The U.S. Department of Energy decided to
save $35 million by closing our nation’s last high-energy particle
accelerator. High-energy physics is the science of the most fundamental
particles and forces of nature. Since everything we see is composed of
those particles and driven by those forces, high-energy physics is
generally considered to be the cutting-edge of science.
Shutting down the Tevatron at Fermi
National Laboratory effectively concedes leadership in high-energy
physics to other nations. Whatever future discoveries will be made in
this fundamental science, will no longer be made in the U.S.
For most of a century, the U.S. enjoyed a
commanding lead in high-energy physics. All six quarks, and most other
important particles, were discovered by American scientists using
American particle accelerators. The U.S. dominated the field, garnering
over half the Nobel Prizes, attracting the best and brightest young
scientists from around the world, and benefiting first and most from
spin-off technologies for medical, communications and military uses. I
believe particle physics will also enable development of new sources of
cheap, clean, and abundant energy.
The atomic bombs, which ended World War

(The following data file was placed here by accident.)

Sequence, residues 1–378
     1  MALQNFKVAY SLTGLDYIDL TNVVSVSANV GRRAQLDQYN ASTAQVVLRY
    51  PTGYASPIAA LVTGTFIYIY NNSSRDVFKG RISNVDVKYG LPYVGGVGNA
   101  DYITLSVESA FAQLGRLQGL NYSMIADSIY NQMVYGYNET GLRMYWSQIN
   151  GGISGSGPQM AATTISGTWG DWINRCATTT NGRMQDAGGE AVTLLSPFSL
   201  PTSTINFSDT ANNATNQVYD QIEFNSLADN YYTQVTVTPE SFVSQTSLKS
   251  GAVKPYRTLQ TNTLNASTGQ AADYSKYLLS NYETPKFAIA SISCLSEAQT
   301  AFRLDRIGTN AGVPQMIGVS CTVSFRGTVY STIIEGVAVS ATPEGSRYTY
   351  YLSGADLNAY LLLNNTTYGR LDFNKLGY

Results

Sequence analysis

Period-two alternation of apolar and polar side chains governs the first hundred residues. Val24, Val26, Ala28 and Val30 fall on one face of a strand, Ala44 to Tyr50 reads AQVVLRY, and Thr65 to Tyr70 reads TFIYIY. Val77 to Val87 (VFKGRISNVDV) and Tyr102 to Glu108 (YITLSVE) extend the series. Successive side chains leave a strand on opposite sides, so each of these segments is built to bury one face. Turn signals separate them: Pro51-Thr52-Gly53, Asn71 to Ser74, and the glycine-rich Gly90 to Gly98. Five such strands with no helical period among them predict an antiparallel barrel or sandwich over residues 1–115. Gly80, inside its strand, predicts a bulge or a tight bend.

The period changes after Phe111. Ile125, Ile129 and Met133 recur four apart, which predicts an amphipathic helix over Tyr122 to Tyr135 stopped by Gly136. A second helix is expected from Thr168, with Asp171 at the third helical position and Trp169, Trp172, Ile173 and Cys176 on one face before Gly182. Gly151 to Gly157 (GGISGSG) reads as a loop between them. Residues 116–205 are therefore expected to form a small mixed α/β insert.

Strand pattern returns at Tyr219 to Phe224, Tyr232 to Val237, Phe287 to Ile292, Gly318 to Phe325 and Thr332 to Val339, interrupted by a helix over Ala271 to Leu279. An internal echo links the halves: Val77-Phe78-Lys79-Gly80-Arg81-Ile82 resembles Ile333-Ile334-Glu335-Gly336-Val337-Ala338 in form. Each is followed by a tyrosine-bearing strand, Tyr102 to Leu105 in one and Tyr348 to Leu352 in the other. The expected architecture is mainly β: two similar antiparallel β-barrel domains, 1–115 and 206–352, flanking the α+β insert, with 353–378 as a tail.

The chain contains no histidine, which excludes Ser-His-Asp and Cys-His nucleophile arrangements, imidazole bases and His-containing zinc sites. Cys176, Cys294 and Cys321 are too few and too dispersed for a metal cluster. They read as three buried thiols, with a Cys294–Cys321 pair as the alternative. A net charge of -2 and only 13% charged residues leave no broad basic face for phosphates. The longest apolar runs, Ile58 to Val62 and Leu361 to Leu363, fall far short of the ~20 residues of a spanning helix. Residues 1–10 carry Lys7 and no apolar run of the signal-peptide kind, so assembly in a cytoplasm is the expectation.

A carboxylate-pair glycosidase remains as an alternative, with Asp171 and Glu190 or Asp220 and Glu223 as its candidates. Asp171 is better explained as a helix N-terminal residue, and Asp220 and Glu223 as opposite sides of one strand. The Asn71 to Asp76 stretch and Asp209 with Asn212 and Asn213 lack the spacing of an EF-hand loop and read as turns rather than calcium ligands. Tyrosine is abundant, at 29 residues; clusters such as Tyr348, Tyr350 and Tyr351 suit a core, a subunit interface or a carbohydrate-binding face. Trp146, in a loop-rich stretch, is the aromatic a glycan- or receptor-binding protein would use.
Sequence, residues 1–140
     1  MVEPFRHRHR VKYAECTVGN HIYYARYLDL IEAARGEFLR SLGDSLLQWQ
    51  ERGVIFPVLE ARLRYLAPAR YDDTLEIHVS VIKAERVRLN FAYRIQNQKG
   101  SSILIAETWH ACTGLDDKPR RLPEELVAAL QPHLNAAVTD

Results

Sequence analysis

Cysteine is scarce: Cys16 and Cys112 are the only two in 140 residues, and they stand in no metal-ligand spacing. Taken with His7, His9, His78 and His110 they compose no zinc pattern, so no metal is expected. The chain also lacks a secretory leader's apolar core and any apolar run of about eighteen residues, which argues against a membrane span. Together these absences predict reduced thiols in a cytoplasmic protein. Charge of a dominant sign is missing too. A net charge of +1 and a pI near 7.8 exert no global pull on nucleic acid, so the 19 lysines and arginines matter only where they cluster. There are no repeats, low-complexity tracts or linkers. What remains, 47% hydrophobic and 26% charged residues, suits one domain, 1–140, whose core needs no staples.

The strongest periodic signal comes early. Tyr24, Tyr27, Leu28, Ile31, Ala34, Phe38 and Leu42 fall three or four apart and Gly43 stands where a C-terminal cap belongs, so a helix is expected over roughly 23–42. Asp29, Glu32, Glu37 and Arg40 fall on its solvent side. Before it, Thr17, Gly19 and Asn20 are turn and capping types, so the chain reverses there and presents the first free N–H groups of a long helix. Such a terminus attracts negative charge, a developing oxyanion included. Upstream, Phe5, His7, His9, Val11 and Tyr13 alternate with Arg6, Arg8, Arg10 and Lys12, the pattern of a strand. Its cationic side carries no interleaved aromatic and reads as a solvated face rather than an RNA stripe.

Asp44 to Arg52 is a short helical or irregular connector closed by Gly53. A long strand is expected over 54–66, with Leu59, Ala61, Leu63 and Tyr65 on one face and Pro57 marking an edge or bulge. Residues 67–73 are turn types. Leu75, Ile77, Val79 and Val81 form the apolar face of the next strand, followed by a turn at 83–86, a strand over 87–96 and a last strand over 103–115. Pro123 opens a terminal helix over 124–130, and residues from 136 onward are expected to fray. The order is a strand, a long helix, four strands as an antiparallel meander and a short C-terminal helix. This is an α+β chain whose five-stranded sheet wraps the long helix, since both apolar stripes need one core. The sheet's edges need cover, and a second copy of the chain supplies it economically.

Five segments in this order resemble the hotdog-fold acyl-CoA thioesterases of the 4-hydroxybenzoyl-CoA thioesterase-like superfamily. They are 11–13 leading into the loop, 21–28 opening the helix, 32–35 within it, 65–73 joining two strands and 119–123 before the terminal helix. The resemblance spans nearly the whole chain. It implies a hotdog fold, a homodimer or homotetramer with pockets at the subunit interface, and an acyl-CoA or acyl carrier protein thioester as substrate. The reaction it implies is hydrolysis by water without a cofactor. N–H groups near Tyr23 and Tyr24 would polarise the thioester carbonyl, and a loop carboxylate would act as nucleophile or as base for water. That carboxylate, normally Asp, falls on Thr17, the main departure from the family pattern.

II, were developed by high-energy physicists. We got the bomb before the
Nazis and Japan (both of whom had nuclear weapons programs) because we
had the best scientists and the best facilities. Imagine the cost we
might have paid if we had been second best.
The Tevatron was America’s last and
finest high-energy particle accelerator. American scientists at the
Tevatron were competing with Europeans to discover the next major
particle, the Higgs boson. DOE’s decision concedes that contest, and all
discoveries in this field for the foreseeable future.
With the last space shuttle launch
coming soon, the U.S. will no longer have the capability for manned
space travel. In this case, we will concede our leadership to the
It’s fine to proclaim that science is
essential, that we must invest in science, and that this is our “Sputnik
Moment”; but talk is cheap—mere political posturing. The DOE plans to
spend $30 billion this coming year and has “successfully obligated” $33
billion in stimulus funds. Yet, the administration isn’t willing to
spend 1/1000th of either sum to strive for leadership in fundamental
Our best and brightest scientists could
go overseas to assist in European or Japanese physics research programs.
Maybe it’s OK to outsource science. If so, we could save vastly more
money outsourcing the nation’s defense. Our young sailors could train on
British warships, allowing us to sell our costly aircraft carriers and
submarines to China.
Perhaps, our shores could be protected
by the British Navy, our soil protected by the French Army, and our
skies protected by the Luftwaffe.
Dr. Robert Piccioni
Author of "Everyone's Guide to Atoms, Einstein, and the Universe"
and "Can Life Be Merely An Accident?"